Published On: March 4, 2017 10:41 AM NPT
DANG, March 4:Rolpa, the youngest district of Rapti region was taking baby steps towards development when it was gripped by the armed Maoist insurgency. Development activities came to a grinding halt while existing infrastructures were destroyed. This pulled Rolpa backward in terms of progress. After a decade of conflict, the rebels entered peaceful politics and even came to power but Rolpa did not get the priority, it expected. This left Rolpa residents utterly disappointed.
The ongoing preparations for local elections, being held after 19 years, have shown new ray of hope. If the elections take place as willed by the government, Rolpa will definitely tread on the path of development, they say.
“The news of local elections has indeed brought positive vibes. We feel that development activities will gain momentum once the local polls are held,” noted Krishna Bahadur Gharti Magar, a civil society leader in district. “Our district had been bed-ridden since the armed conflict. We are hoping that the elections will treat it and put it back on its feet,” he added.
Magar said that Ropla district was formed as a new district in 1950 and around 1976 some portion of Salyan and Pyuthan districts were cut off and added to it. During the same time development initiatives were taken for developing the new district. During the Panchayat era, an airport was constructed in Badachaur.
Concrete bridge linking Khugri of Rolpa and Bhigri of Pyuthan, considered as backbone of the district"s development, was constructed. Apart from that few new tracks were opened and some suspension bridges were built. More infrastructures, Magar said, came into existence post 1990. As many as 70 secondary schools were opened. Dozens of higher secondary schools and three campus are presently operational in the district, he informed to Republica.
“Following the introduction of the multi-party democratic system in the country, development activities in the district accelerated. Huge progress was seen in the educational sector. Road network penetrated into remote areas,” he remarked.
But this momentum was grounded after the rebels made the district their headquarters. A decade of bloody war between the rebels and the government destroyed almost all the infrastructure across the district, Magar claimed. “Roads, buildings, bridges were bombed. All the doors to development were closed,” Magar lamented.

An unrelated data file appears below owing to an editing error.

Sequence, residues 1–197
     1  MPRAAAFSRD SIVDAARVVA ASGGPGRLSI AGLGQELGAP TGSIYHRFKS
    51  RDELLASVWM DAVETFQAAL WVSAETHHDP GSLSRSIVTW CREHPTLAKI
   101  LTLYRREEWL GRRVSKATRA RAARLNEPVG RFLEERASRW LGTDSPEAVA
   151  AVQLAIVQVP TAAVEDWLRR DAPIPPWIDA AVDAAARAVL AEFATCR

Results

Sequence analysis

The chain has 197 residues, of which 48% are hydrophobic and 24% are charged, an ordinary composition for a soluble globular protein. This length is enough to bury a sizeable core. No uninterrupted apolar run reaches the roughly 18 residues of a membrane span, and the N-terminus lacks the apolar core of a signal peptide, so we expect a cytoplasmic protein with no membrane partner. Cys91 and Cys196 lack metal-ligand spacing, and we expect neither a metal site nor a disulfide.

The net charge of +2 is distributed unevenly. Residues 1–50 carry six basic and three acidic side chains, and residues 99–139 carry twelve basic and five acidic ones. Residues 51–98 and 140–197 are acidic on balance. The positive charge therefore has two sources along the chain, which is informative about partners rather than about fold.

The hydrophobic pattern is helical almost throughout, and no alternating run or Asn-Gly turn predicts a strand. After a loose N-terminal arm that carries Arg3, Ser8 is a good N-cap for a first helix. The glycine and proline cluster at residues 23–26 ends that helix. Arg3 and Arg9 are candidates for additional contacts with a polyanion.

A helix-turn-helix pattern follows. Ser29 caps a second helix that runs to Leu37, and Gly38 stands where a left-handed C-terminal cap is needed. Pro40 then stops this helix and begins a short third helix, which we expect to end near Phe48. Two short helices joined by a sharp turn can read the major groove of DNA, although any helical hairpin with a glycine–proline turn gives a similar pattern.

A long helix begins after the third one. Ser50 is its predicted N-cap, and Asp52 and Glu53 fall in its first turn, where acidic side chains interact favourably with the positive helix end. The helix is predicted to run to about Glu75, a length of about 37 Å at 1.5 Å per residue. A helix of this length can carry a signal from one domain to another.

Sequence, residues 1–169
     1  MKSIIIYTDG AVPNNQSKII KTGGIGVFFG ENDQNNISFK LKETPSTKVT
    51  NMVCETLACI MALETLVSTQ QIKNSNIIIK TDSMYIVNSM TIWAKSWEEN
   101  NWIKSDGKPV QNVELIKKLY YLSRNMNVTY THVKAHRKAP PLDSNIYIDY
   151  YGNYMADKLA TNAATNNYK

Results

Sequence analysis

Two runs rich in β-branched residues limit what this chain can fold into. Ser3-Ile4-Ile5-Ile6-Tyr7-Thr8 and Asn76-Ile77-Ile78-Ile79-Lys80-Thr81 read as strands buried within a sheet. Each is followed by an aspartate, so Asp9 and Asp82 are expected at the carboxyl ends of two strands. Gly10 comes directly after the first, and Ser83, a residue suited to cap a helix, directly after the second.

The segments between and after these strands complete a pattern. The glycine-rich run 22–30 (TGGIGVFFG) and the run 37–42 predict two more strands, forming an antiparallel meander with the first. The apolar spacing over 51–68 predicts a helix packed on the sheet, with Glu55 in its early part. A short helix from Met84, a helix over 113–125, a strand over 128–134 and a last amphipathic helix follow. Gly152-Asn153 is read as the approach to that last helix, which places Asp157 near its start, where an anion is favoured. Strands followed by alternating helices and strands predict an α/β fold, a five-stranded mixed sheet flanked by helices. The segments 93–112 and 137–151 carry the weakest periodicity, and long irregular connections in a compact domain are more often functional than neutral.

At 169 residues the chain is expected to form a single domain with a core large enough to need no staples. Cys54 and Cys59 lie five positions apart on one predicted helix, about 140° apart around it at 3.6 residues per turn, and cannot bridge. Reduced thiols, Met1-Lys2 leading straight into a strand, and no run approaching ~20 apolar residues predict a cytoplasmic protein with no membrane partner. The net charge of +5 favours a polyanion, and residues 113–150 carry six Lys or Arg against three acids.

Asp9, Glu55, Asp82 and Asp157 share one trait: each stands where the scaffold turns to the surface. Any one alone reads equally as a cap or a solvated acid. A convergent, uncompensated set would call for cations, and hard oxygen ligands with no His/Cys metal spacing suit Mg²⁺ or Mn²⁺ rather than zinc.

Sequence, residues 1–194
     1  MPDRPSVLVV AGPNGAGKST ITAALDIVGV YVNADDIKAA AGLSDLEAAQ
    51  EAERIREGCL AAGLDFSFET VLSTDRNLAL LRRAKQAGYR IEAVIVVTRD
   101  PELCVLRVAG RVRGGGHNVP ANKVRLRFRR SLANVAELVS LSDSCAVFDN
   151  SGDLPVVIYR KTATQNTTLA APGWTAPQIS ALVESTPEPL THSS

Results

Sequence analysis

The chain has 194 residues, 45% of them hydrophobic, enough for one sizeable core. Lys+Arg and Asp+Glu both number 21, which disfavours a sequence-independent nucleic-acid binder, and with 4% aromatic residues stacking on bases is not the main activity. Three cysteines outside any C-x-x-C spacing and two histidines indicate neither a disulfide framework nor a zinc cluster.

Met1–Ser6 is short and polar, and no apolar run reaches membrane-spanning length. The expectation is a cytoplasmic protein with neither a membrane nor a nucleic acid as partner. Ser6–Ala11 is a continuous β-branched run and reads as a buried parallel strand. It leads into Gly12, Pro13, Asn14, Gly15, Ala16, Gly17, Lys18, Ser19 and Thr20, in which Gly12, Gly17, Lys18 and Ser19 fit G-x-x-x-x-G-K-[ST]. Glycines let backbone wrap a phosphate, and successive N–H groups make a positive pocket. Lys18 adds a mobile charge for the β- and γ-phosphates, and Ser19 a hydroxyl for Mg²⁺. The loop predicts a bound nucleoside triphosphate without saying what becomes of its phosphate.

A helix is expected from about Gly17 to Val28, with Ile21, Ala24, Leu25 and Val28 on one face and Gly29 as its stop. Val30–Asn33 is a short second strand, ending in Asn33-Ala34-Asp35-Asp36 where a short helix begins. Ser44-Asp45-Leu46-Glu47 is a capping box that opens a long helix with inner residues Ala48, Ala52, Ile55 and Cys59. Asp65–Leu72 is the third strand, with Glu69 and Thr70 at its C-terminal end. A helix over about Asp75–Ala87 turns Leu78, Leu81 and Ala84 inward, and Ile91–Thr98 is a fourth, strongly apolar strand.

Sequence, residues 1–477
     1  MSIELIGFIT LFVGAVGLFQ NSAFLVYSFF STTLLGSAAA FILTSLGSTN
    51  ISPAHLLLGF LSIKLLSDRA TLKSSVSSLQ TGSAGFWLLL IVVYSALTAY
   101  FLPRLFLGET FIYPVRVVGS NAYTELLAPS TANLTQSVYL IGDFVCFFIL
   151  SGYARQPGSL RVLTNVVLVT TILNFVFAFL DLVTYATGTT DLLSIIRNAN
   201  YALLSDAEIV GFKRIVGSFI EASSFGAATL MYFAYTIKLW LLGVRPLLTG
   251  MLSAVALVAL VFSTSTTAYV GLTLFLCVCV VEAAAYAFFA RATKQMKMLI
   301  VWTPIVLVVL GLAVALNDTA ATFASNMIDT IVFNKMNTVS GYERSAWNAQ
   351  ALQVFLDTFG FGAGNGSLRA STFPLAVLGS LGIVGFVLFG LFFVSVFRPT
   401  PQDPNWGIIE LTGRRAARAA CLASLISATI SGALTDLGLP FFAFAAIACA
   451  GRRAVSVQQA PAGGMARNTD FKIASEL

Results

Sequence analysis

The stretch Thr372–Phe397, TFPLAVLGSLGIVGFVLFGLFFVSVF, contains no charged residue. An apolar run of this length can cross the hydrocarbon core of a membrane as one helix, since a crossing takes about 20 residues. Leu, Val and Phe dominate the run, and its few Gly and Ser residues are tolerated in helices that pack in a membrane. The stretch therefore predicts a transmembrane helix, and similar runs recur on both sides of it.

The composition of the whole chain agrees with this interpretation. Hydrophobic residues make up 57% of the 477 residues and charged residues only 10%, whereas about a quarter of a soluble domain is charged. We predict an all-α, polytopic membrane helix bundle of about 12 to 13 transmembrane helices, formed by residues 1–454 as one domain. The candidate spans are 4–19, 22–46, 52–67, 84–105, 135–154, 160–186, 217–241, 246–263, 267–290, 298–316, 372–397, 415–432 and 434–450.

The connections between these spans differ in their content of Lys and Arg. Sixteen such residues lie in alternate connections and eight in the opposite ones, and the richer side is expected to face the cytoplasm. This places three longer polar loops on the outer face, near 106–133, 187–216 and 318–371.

Former minister Balaram Gharti also claims that the war left Rolpa completely bed-ridden and to these days it is struggling. “It is easy to destroy but very difficult to build. Whatever Rolpa had been able to make since its coming into existence was destroyed,” he noted.
During the conflict, among other infrastructures, 23 police posts, 23 VDC offices, four buildings of Agriculture Service Center and five health posts were destroyed. From 1996 to 2006 the state had no presence in the district, Gharti stated. “Our woes are going to end if local polls are held. It is going to change things for good again,” he further said.
Had there been local representatives, development activities would have resumed in Rolpa and elsewhere, but unfortunately, it could not happen for 19 years, remarks Man Bahadur Khatri, former secretary of Dhawang VDC. “Staffs who were handling the VDC offices could not show adequate zeal to plan and execute development activities. Hence, development suffered. Once we have elected candidates in place, we will be able to see good things happening,” he said.
Gharti said that many politicians hail from the region but feels that they never felt the need to come back to the district and do something for it, he said. “Barshaman Pun, Krishna Bahadur Mahara, Jhakku Subedi, Onsari Gharti Magar and many others are from this region. But, they have never been touched by our grievances,” he said.
Though late, Gharti notes that local elections might do wonders for Rolpa and other districts" development. “It"s not that the local bodies are not getting budget. The issue is that the budget is not being used properly. There has been lack of accountability. Huge portion of budget freezes in lack of formulating and executing development plans,” said Gharti. “When we get our elected representatives at the local bodies, we can hold them responsible and accountable,” he added.
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